Navigating a cancer diagnosis and treatment options can be difficult, patients who wish to connect with a cancer specialist at Penn Medicine can speak with a cancer nurse, who can help them make an appointment with the right person. Penn Medicine's contact center has experienced cancer nurses available and ready to guide patients in finding the cancer specialist right for them.

To connect with a cancer nurse at Penn Medicine, patients should call 800-789-PENN (7366).

Read more Diagnosing Liver Cancer

Liver Cancer Treatment

Following the diagnosis and staging of liver cancer, cancer specialists at Penn's Abramson Cancer Center develop a personalized treatment plan. Penn's treatment options for liver cancer include:

  • Surgery
  • Radiation therapy
    • 3-D conformal radiation therapy
    • Intensity-modulated radiation therapy (IMRT)
    • Volumetric-modulated arc therapy (VMAT)
    • Proton therapy
    • Stereotactic body radiotherapy
  • Chemotherapy
    • Liver-directed therapies
      • Ethanol injection
      • Chemoembolization of the hepatic artery
  • Biologic therapies
  • Other treatments

Because navigating a cancer diagnosis and treatment options can be difficult, patients who wish to connect with a cancer specialist at Penn Medicine can speak with a cancer nurse, who can help them make an appointment with the right physician.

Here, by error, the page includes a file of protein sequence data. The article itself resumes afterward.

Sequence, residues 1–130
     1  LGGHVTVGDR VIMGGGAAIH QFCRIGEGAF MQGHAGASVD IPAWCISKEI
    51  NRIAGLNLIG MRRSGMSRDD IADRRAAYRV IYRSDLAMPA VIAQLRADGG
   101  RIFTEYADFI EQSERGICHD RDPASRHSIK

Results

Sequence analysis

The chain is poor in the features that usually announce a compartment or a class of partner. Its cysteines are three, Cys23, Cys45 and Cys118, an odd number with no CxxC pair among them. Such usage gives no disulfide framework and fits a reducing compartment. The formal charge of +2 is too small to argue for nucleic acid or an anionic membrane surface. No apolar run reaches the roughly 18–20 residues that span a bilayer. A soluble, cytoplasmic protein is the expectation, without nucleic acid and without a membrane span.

To connect with a cancer nurse at Penn Medicine, patients should call 800-789-PENN (7366).

Read more Liver Cancer Treatment

Liver Cancer Survivorship

There are more than 12 million cancer survivors living and thriving today as a result of advances in cancer treatment. However, cancer treatments can result in physical, emotional and financial complications long after the therapy is complete. Survivorship programs at Penn Medicine are a distinct phase of liver cancer care and are designed to help patients transition from their cancer treatment routine to a post-cancer care lifestyle.

Read more Liver Cancer Survivorship


Maryann Volpe

"There is a plan and meaning for everyone. If you get through cancer it really does change you. It makes you a better person: you live more in the moment, you become more compassionate, and you deeply understand what other people are going through

Stand Up to Cancer

Peter O'Dwyer, MD, professor of Hematology-Oncology and program director of Development Therapeutics in the Abramson Cancer Center, was interviewed on NBC10's 10! Show about Penn's work as part of the Stand Up to Cancer Dream Team... Read more

Clinical Trials

Liver Cancer Trials

Phase III Randomized Trial of the Role of Whole Brain Radiation Therapy in Addition to Radiosurgery... more